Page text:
Welcome to So You Want My Job? Each week we ask the people working in some of the industry’s coolest roles about how they got where they are. Along the way, we dig into their philosophies, inspirations, processes and experiences. Hopefully our interviewees can inspire you to pursue (or create) a job that’s just as exciting.
This week, YML’s chief creative officer Stephen Clements shares his experiences and insights.
What did you want to be when you were growing up? Does your job now resemble that in any way?
First, you should know that I grew up in the west of England in a small farming town, so the only creative profession I was aware of was architecture. After finishing school, I went off to get my degree in that very field and spent a lot of time designing creative things, including the ultimate pirate ship and an underwater house. I was also learning several different architectural methods that used biology, robotics and even film theory, which is how I got into the world of ‘new media’ – dabbling in the interactive experience via architecture. I really enjoyed it and have tapped into a lot of that thinking for what my team does today.
I realized quickly that there’s a comparison between how people navigate a physical building and how they do so with a website – there’s a story, a narrative. I’ve applied this to my career now, especially when we work on omnichannel briefs, which mixes the digital and physical worlds. I’m sure, as we move into more of a virtual reality (VR) world with mixed realities, I’ll fall even further back on to that original architecture schooling.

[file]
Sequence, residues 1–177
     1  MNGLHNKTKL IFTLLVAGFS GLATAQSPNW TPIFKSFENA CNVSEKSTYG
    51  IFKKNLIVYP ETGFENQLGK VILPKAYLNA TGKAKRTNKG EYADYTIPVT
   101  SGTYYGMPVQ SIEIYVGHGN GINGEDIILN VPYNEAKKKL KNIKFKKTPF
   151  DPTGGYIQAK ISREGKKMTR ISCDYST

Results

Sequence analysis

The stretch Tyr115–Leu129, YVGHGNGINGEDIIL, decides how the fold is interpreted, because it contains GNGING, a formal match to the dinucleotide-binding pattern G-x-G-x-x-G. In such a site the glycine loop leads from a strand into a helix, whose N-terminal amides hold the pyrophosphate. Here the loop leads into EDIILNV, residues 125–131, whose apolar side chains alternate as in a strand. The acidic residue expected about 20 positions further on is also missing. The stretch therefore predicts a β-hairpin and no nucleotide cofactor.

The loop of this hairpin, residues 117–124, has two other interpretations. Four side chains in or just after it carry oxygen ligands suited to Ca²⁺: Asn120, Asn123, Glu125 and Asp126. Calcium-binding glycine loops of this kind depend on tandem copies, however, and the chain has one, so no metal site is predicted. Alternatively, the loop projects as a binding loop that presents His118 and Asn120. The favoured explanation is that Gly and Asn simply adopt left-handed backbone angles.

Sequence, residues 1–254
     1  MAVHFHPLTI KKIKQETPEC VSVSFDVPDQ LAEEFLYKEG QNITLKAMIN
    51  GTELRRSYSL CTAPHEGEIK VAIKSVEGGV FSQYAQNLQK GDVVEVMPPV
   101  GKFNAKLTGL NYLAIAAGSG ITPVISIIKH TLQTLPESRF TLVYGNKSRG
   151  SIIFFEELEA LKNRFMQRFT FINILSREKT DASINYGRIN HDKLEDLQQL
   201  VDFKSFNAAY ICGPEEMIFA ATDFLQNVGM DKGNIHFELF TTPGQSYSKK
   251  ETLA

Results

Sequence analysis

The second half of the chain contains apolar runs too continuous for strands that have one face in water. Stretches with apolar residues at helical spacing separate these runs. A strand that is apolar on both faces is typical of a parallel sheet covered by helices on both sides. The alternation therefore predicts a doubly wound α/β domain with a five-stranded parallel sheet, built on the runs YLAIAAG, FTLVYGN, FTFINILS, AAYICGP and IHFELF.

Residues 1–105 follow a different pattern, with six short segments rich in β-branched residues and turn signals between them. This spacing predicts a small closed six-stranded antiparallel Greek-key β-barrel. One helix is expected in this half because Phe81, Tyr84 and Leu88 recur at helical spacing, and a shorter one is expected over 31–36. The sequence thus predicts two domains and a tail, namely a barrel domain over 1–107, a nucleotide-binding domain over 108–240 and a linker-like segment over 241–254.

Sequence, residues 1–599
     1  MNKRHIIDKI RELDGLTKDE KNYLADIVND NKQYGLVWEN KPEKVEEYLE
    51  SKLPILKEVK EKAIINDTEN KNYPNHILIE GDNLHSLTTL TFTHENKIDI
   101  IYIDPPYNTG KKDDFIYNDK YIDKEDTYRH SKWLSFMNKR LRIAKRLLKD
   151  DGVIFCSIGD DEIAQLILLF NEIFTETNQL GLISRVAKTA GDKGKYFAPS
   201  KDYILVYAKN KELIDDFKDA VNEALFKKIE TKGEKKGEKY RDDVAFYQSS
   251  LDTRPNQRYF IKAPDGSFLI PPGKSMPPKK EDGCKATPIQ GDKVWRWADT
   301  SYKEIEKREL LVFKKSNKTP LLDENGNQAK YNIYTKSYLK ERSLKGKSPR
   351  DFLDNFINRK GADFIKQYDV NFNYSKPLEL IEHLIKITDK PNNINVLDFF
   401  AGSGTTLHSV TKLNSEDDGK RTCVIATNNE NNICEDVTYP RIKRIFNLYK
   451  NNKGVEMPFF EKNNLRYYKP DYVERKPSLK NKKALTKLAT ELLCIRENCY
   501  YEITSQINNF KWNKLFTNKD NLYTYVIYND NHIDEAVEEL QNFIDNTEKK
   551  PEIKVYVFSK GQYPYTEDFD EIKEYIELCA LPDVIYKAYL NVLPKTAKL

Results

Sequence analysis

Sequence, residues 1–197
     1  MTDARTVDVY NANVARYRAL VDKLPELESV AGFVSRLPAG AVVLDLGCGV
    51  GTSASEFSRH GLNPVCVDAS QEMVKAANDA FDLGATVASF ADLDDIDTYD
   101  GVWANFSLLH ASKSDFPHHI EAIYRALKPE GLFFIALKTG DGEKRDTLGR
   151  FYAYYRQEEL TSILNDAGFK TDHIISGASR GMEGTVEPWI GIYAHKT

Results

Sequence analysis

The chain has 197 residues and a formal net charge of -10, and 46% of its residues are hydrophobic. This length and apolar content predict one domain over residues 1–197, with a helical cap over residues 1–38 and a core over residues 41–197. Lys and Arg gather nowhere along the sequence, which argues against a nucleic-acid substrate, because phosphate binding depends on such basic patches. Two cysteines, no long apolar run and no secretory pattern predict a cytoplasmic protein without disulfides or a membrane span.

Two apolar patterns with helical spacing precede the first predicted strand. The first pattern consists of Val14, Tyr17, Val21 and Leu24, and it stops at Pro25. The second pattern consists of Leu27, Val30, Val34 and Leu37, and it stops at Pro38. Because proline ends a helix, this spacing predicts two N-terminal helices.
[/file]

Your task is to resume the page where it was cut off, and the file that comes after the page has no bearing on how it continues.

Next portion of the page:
How did you get your job?
It was a pretty wonky route. I studied architecture, finishing two degrees in the field, and when I left school I started working with my tutors who were architects, but who were doing exploratory film work in the music video and ad worlds. This led me to eventually launch my own company called ‘My Version of Reality,’ where we made music videos, CD jewel cases and websites for DJs.
A year or two into this I wasn’t making a ton of money, so when I received a call from AKQA asking me to work on a pitch for Xbox to make a video of the interface (which at the time no one knew how to do since everything was HTML) I agreed and worked around the clock to make it happen. The deliverable was a cassette with the renderings I was presenting and a guy from Xbox came to pick it up in a briefcase he had chained to his wrist, like an actual spy movie. We ended up winning the business and I was offered a job at AKQA.
I moved to San Francisco and worked there for the next 12 years until eventually I started to launch my own companies, which included my wife and I starting an artificial intelligence (AI) wine sommelier platform that evolved to also be a cannabis sommelier. I did the investor circuit for the brand, and one of the investors I met was the chief exec of Y Media Labs, Ashish Toshniwal, who actually didn’t invest, but we hit it off. We got on a texting basis and eventually met up a few times as well. Mostly it would be him asking my opinions on these big thought-starter questions – like how do you inspire a creative culture?